Some may look at all the things I have done to prevent cancer from happening to me as an excuse to disregard the benefits of all my hard work.  STOP IT!  I am entering this fight on the top tier of health, which translates to better outcomes and possibly an easier road of tolerating side-effects.  My efforts have not been in vain.

* DO NOT tell people who have cancer your theories about why they have cancer.  If docs who are driving the bus of cutting edge research on cancer say, “no one knows for sure why you have cancer,” then the Internet sure as hell doesn’t know either. Folks dealing with cancer need your love and care, not Dr. Google breathing down their neck.

* I did ask “why me” once after my diagnosis, but it was more for how this would effect my family.  On my own, I can handle what comes my way.  Throw in my family and I’m mush.

* More frequently I’ve been asking “why me” in regards to these things:  I have good insurance.  I can pay for treatment.  I have a full-on supportive family.  I have a sea of supportive friends. Over and over, when folks find out who my docs are, I’ve been told I have the best team possible, that my docs are top-notch in their respective fields.  My odds of survival are high.  Seriously, why me?

* My faith, while strong before, is growing.  To give up on the idea that this is my life, that this is my home, is powerful, liberating and sorrowful all at the same time. I don’t want to go, so I’ll fight like hell to stay for a bit longer.

* I’m unbreakable one moment and a puddle the next and it’s okay.

* I am still living my life.  I’m not waiting until this is over, until I get through this year, to start again or continue.  Nope.  Now.  That’s all we have, mah babies.

I’m still not happy this is the road we find ourselves taking, but I have two choices: Grab life by the balls and LIVE, or don’t.



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  1. Oh my gosh. What a beautifully authentic, honest, and touching post! You are a fighter. I was so moved by your words.

  2. You’ve gained so much wisdom in a such a short time. Cancer is a jerk but it did help me figure some important things out very quickly. Looks like the same is happening for you. You know you are in my prayers and thoughts, Patti. I would bring you pom pom balloons but I can’t craft to save my life so if I did, chances are you’d call the police before I’d even walked away from delivering them because they would look more like a threat than a gift. 😉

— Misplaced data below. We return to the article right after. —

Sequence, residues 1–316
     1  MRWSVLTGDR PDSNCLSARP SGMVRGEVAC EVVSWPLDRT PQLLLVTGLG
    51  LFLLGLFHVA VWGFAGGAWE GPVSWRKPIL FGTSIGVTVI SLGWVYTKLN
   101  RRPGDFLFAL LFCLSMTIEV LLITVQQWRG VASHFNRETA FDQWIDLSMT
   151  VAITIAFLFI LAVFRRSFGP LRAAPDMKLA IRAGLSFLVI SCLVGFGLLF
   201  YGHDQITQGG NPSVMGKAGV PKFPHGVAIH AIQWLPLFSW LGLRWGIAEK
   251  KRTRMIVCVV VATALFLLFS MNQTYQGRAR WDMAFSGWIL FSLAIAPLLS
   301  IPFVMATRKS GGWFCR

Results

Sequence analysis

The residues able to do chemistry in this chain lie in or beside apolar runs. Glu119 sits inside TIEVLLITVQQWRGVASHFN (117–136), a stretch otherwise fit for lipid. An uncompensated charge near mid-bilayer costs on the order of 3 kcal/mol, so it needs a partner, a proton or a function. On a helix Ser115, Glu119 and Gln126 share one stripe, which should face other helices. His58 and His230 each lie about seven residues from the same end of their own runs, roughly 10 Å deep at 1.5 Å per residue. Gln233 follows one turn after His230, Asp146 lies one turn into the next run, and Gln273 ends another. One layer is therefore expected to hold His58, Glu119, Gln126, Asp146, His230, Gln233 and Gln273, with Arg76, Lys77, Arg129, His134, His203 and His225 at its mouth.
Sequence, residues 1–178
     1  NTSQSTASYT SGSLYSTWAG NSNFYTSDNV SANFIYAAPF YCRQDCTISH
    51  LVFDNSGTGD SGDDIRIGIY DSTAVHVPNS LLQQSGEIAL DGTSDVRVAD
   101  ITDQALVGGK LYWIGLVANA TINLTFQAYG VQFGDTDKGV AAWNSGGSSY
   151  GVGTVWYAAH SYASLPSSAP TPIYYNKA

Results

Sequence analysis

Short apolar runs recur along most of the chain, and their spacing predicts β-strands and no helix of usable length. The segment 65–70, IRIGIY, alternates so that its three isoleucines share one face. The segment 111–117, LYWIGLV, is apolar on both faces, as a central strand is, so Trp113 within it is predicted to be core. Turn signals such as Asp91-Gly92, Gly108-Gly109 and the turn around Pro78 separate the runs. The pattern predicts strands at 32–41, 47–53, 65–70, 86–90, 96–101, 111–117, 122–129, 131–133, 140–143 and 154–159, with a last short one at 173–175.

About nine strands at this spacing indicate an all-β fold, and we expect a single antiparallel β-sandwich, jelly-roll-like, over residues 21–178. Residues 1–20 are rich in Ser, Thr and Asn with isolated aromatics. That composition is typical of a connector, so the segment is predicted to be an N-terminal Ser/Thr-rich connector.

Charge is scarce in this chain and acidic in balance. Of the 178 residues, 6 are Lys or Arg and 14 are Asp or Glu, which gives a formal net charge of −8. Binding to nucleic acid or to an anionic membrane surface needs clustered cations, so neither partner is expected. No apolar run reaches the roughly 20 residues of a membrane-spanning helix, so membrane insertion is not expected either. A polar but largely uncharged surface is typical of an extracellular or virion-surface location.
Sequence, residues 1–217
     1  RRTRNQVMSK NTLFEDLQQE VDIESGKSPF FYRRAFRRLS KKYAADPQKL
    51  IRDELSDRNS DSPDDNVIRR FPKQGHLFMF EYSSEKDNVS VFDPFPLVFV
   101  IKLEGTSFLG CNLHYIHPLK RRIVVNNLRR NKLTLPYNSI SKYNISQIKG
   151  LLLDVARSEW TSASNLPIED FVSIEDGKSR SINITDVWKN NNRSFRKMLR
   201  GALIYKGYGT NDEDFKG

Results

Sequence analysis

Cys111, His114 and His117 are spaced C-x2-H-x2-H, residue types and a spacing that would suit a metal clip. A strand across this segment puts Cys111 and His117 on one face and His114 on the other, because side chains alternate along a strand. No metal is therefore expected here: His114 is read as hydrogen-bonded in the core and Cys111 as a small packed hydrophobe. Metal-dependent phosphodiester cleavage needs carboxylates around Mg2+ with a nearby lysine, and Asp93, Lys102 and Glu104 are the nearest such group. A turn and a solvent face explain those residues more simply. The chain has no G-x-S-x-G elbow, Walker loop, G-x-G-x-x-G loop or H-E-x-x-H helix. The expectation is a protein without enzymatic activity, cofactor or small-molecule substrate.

• LOL! Sisters from another uncrafty mother! I have marveled at her crafty amazingness, as I laughed at what my creations might look like (so much NO!). And you’re right, cancer is a jerk. Thanks for the lol, Colleen!

  3. Haeley Giambalvo says

    Such a beautiful and insightful post! Thank you for sharing your experience with us. And I’m so glad you liked the flowers and balloon. 😉

  4. Janet Jenkins says

    You blow me away. This is such a powerful post. I wish I had the capacity to give like you do. How is it that I am receiving more from you than I feel I am giving back? You are always in my thoughts and prayers. And I wish I had thought of the sombrero…..

    • Janet, your comment is salve for my soul. I don’t feel that way. I feel scared and worried and upset that this is tough for those who surround me. I also feel strong and determined and optimistic, but when the other feelings creep in, it’s tough. Thanks, friend.

  5. You are truly an inspiration in so many ways!

  6. You are amazing, Patti. This is incredible and honest — and heartbreaking that you have to deal with this. You’re in my thoughts and prayers, always.

  7. I am concentrating on the prognosis of a good outcome. To the things you’ve mentioned, I’ve heard that humor is a tremendous indicator. And an outward focus – one that seeks to help others in the same (or more dire) circumstances. I think you’re going to win this one, Patti – big time!

  8. You have such a great attitude about it! You’re going to kick cancer’s ass.

  9. You are amazing just so you know, my aunt had breast cancer when she was 40 she is now 75, she also has MS and still manages to get around so things can turn out just fine.

  10. This is when you truly understand the concept of praying for strength. Those paper flowers are beautiful! My dear friend was recently in the hospital for treatment and was not allowed to have flowers in her room. Her sister found a pop-up book of flowers on Amazon – the paper flowers would have been another great option!
    Keep smashing those bottles on the bar and fight that fight! Hugs and prayers.

  11. Praying for you and your bar fight Patti!

  12. This is great Mrs Tucker. I am grieved of your situation but you handle it so well. Keep on-keeping-on!